Film review: A Pigeon Sat on a Branch Reflecting on Existence

A case of novelty items in A Pigeon Sat on a Branch Reflecting on Existence
Cert 12a | ★★★★★
“We just want to help people have fun,” intone two ashen-faced salesmen of crummy novelty items. Lord knows the people in this film need the help.
A Pigeon Sat on a Branch Reflecting on Existence is the third part of Swedish director Roy Andersson’s trilogy “about being a human being”, and anyone who’s seen the first two will be familiar with the tone and format. It’s a collection of vignettes loosely connected by recurring characters, and a blacker-than-tar gallows humour. There’s a running theme of communication issues: people deliver rambling soliloquies to nobody in particular, or repeat their lines redundantly, like in a Beckett play. Nobody smiles or moves much, and the Gothenburg they inhabit is sapped of colour and haunted by its past. A Pigeon opens with three deaths in quick succession, and they cast a pall over the film: the overriding impression is of a society in rigor mortis.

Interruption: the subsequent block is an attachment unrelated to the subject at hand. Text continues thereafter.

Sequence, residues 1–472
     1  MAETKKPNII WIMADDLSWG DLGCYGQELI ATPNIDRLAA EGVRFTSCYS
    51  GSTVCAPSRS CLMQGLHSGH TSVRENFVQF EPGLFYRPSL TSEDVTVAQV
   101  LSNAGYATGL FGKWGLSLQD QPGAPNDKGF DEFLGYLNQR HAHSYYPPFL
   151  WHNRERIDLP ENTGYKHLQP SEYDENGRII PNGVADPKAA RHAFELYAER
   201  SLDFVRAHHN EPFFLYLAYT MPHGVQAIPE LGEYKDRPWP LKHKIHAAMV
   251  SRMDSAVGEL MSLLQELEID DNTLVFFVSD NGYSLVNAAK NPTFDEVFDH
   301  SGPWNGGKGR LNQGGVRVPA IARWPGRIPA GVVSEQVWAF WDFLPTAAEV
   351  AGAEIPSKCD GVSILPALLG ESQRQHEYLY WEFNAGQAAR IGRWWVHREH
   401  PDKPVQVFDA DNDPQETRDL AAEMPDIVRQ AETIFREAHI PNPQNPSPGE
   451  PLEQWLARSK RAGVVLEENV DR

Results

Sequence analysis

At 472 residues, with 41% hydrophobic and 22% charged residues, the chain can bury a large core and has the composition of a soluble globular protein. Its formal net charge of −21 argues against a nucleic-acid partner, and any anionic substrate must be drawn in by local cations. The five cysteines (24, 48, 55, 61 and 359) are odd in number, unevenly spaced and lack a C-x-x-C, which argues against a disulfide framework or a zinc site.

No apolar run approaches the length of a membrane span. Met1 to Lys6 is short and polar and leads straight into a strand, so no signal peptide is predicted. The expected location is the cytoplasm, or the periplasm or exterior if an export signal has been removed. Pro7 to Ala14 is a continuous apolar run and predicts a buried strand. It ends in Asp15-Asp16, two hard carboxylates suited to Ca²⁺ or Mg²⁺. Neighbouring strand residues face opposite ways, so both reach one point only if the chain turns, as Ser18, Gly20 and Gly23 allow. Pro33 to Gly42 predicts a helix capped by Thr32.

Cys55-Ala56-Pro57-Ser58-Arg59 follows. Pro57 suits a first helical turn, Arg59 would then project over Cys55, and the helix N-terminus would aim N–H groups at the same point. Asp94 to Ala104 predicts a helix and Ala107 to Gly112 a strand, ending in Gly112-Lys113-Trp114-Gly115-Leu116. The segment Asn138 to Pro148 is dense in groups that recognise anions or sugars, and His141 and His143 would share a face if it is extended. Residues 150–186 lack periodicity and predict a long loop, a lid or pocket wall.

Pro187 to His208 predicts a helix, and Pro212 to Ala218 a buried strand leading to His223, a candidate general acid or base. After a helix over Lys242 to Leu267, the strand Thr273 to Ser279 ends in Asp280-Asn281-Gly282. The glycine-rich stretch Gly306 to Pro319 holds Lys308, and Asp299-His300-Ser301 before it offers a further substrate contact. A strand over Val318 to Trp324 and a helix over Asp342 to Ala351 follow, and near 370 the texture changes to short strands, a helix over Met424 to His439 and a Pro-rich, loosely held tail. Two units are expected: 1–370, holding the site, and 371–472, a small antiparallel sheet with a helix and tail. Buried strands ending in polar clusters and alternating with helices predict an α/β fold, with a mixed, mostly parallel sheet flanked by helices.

If this sounds unremittingly bleak or glib, the genius is that it avoids being either. Music plays an important role in redeeming people at their lowest ebb (setting the scene for a blindsiding choral set-piece). Like the gags, songs recur at critical points throughout the film, bringing together otherwise unrelated characters. And sandwiched between the most depressing sketches, moments of unexpected tenderness leap out and seize you by the heartstrings.
Roy Andersson is 72, and it’s probably safe to say his appraisal of humanity is by now complete. As the notional pigeon sat on a branch, he sees us in all our absurdity, depravity and tenderness. Few directors are able to communicate an entire worldview in a film, and entertain us along the way. Andersson is one of them.

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